New Jersey officials announced Sunday afternoon that 31 people have tested postive for COVID-19 across the state, bringing the state total to 98.
Officials are considering a statewide curfew to help prevent the spread of the coronavirus, New Jersey Gov. Phil Murphy said Sunday morning.
Hoboken already implemented one – from 10 p.m. to 5 a.m. – starting Monday.
Murphy was asked about curfews and also self-quarantine after Teaneck Mayor Mohammed Hameeduddin called for a citywide self-quarantine for the Bergen County town hit hard by COVID-19.
“We’re not there at a statewide level on either of those steps, but we could be,” Murphy said on WBLS-FM 107.5. “The curfew is probably, of the two, is probably the more immediate one under consideration.”
Murphy on Saturday night announced the second death in the state from coronavirus, a woman in her 50s who was being cared for at CentraState Medical Center in Monmouth County.
Earlier, he had announced 19 new positive cases, bringing the statewide total to 69.
More than a third of the COVID-19 cases – 25 – are in Bergen County, with 10 in Middlesex County, according to the state Department of Health website.
The New Jersey Department of Corrections said its suspending visits for the next 30 days as of Saturday evening.
Murphy said earlier that the state is preparing for closing schools statewide, though he stopped short of taking that step. He said it’s a matter of when, not if, they close. Education officials said some 354 districts, or roughly half, in the state have closed already.
Hours after announcing that gyms, health clubs, day cares and movie theaters would join the list of closures in Hoboken, Mayor Ravi S. Bhalla announced the forthcoming curfew and additional restrictions.
The citywide curfew that begins Monday will be in effect from 10 p.m. to 5 a.m. and requires all residents to remain in their homes, barring emergencies. People who are required to report to work are exempted.
To further limit gatherings, the city’s Office of Emergency Management will not permit restaurants and bars to serve food within their premises. Bars that don’t serve food will be shut down, effective Sunday at 11 a.m. Any establishment that serves food will be allowed to conduct takeout and delivery service.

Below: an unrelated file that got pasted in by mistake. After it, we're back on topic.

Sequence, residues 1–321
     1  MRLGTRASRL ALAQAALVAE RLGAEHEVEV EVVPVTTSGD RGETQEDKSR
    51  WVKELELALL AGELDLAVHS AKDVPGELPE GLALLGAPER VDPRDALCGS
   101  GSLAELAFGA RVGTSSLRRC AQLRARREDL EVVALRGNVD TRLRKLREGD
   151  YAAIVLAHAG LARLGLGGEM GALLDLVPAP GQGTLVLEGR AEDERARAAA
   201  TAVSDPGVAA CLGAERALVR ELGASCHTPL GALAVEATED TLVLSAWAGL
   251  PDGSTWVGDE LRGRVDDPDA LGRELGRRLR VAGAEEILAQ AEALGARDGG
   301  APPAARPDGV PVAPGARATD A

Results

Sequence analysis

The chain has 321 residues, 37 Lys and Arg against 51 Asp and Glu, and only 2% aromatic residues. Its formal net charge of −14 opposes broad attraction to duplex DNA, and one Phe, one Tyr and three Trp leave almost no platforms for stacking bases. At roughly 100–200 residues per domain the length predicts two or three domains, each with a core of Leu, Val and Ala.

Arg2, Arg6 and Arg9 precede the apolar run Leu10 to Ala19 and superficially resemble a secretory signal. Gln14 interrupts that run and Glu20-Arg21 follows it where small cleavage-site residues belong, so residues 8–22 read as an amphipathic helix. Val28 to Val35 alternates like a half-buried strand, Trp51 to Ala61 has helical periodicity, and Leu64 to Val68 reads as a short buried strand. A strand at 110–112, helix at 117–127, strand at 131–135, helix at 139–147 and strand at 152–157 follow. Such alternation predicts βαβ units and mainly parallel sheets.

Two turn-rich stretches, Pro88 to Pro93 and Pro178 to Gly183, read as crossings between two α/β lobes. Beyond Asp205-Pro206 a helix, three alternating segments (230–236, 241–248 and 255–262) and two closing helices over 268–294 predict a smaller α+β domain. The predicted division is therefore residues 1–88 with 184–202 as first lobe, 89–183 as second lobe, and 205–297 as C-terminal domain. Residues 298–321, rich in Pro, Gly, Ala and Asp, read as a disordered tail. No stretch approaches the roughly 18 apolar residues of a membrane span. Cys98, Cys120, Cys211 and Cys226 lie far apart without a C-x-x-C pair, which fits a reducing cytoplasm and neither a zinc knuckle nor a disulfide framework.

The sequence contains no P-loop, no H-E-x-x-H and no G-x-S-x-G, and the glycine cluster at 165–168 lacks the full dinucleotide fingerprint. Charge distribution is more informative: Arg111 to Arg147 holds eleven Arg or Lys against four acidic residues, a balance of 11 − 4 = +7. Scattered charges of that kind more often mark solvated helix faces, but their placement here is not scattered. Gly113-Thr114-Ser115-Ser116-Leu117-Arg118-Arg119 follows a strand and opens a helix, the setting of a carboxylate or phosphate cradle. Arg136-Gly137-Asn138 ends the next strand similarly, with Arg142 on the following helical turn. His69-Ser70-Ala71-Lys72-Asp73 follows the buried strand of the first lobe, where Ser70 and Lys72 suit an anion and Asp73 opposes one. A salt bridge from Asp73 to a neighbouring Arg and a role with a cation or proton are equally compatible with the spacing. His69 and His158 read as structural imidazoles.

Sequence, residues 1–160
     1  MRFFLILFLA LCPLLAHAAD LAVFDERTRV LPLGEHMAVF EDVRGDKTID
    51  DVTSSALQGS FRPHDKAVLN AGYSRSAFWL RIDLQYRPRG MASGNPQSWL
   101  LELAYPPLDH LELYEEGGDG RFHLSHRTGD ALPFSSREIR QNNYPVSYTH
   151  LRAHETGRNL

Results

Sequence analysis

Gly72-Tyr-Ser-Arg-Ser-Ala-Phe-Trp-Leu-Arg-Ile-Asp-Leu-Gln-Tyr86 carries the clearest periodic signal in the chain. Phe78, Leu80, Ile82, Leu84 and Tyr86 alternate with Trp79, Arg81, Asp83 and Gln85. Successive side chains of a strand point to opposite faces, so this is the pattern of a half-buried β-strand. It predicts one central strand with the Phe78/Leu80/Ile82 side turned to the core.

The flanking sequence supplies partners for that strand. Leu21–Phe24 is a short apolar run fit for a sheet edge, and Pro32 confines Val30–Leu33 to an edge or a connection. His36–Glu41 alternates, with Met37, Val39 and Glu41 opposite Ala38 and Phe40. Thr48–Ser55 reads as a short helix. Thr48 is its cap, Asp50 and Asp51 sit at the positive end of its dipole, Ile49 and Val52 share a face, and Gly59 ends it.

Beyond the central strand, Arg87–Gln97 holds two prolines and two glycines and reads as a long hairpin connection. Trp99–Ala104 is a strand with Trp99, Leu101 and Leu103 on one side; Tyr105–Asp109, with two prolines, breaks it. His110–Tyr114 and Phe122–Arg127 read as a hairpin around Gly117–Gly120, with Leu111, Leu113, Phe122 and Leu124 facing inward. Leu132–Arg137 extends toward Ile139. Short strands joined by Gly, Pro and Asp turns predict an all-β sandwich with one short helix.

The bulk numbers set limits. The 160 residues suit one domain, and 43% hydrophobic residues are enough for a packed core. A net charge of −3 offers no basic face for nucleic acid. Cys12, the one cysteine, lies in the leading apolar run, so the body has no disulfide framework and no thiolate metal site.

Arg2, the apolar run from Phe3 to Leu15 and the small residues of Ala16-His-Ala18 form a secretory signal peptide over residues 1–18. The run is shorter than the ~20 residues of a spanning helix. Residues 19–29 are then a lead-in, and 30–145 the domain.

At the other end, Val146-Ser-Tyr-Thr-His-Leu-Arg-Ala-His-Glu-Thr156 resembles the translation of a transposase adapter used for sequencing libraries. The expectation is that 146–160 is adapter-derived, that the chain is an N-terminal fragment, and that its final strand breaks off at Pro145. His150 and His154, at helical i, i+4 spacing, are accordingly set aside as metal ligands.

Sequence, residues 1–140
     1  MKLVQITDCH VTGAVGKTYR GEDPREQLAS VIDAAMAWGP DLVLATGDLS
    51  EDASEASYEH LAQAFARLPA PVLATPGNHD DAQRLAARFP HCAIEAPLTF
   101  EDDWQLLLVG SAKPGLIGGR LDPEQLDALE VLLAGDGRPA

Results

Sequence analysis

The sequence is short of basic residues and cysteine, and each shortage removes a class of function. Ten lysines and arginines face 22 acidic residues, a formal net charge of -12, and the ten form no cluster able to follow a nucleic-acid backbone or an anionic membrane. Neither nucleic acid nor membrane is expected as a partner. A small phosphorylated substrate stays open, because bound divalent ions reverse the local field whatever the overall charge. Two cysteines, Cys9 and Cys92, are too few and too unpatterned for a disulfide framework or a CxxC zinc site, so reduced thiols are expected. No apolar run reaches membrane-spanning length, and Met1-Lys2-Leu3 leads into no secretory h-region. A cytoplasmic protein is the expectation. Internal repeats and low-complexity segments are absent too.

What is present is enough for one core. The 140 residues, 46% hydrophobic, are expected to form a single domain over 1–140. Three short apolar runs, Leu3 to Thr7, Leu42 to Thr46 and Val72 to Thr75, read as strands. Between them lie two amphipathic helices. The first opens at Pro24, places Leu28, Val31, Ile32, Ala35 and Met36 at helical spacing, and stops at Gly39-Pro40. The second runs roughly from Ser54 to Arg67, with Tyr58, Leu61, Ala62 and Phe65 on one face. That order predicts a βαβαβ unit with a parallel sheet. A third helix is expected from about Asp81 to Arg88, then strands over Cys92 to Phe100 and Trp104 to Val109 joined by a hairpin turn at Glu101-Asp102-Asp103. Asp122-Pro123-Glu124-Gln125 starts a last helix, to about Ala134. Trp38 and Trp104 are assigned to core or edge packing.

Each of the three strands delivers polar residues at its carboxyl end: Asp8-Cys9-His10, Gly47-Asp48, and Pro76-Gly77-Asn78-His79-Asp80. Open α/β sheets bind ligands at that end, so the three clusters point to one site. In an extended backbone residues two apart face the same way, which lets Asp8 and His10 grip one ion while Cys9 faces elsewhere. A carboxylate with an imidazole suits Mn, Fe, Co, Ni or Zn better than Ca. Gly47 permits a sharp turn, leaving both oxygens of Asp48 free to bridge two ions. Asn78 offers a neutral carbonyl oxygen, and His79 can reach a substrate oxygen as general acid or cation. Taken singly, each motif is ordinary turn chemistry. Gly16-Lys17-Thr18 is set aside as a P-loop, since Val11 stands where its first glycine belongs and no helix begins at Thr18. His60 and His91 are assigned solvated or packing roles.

Bhalla said that, as he was writing the statement, he received a call from the city’s police chief notifying him of a bar fight in downtown Hoboken. One person fell in and out of consciousness and police waited more than 30 minutes for an ambulance to arrive because of the number of service calls emergency services have received.
He said the incident illustrated how bar operations “can trigger calls for service that are delayed in part because of this public health crisis.”
The chief justice of New Jersey’s court system announced a two-week suspension of municipal court sessions to mitigate public exposure to the coronavirus.
Chief Justice Stuart Rabner said Saturday that individuals scheduled to appear through March 27 before a municipal court to contest a traffic or parking ticket or for a minor local ordinance violation should await notice of a new court date.
Municipal courts will continue to handle some things such as applications for temporary restraining orders, hearings in which a defendant has been detained and matters that implicate public safety. Filings and payments will continue to be accepted except where a municipality has closed the municipal court building.
Rabner earlier announced an indefinite suspension in all new jury trials, criminal and civil, in New Jersey due to the coronavirus outbreak. The order Thursday said jury trials already underway will continue and grand jury proceedings will continue pending further communication with county prosecutors and the state attorney general.
DRIVER’S LICENSES AND REGISTRATIONS
State officials announced a two-month extension of expiration dates for driver’s licenses as well as vehicle registrations and inspection stickers.
Murphy and Sue Fulton, chief administrator of the New Jersey Motor Vehicle Commission, said the extensions apply to driver licenses expiring in March, April, and May; to registrations expiring in March, April, and May; and for inspection stickers expiring in March, April, and May.
For most people, the virus causes only mild or moderate symptoms, such as fever and cough. For some, especially older adults and people with existing health problems, it can cause more severe illness, including pneumonia, and death.
The vast majority of people recover. According to the
World Health Organization, people with mild illness recover in about two
weeks, while those with more severe illness may take three to six weeks